I find poems sparked by artworks fascinating, particularly when they give a new perspective on pieces I know a little already. This poem, then, is a thrilling combination for me – a poet I admire writing about the work of an artist who intrigues me. Bourgeois’ art is both beguiling and knotty. The handmade, tactile quality of her work is often slippery – deceptively comforting, then unsettling as the detail of the work asserts itself. This poem seems to enact the process of grappling with Bourgeois’ piece.

Here’s a picture of the artwork Seven in Bed. 

Is there an artwork you'd love to see interpreted by a poet? Let us know what it is and who you would like to write about it at [email protected]. Entries received by 5pm on Monday, 4th August, will be in with a chance of winning a copy of Self-Portrait in the Dark. Read the full terms and conditions.

Sarah, Picador poetry editor

Seven in Bed

(Louise Bourgeois)

A muddle of thick limbs like a knot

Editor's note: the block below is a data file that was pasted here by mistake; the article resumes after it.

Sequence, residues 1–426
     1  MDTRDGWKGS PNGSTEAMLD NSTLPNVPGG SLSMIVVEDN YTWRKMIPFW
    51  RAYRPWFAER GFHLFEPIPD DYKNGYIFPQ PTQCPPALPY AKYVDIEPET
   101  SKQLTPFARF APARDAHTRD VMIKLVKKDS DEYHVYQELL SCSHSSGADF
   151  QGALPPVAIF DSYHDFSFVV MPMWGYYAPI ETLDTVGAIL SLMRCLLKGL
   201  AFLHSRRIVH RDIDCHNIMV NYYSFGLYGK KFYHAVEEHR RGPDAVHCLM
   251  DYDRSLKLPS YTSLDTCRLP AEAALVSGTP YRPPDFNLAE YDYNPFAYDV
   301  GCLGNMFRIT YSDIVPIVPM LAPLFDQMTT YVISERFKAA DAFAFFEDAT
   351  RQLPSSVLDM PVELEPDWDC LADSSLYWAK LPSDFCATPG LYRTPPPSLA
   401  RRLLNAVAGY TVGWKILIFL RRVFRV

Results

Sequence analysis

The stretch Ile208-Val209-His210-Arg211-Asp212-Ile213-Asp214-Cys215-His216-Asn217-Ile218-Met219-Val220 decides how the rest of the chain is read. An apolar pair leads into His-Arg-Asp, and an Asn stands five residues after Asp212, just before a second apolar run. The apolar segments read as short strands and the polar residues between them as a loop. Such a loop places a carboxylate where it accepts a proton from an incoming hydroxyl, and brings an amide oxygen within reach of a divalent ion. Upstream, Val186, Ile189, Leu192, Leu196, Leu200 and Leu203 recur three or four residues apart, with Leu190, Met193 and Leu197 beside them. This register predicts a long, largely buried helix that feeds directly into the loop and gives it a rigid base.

of sausages in a butcher’s window.
It is night here, they are trying to sleep.
It is morning. They are awakening, yawning.
Pink as meat on a sheet of white,
they are seven in bed, and nothing
is quite what it seems. Two-headed,
Janus-faced, are they clinging to each other
or trying to escape? Their stitched seams
have a rawness, surgical. Long groans
attest to a struggle. Prisoners.
They are like wrestlers in a scrum.
Is it love? Do they love each other?

Self-Portrait in the Dark 'Seven in Bed' is published in Self-Portrait in the Dark by Colette Bryce.

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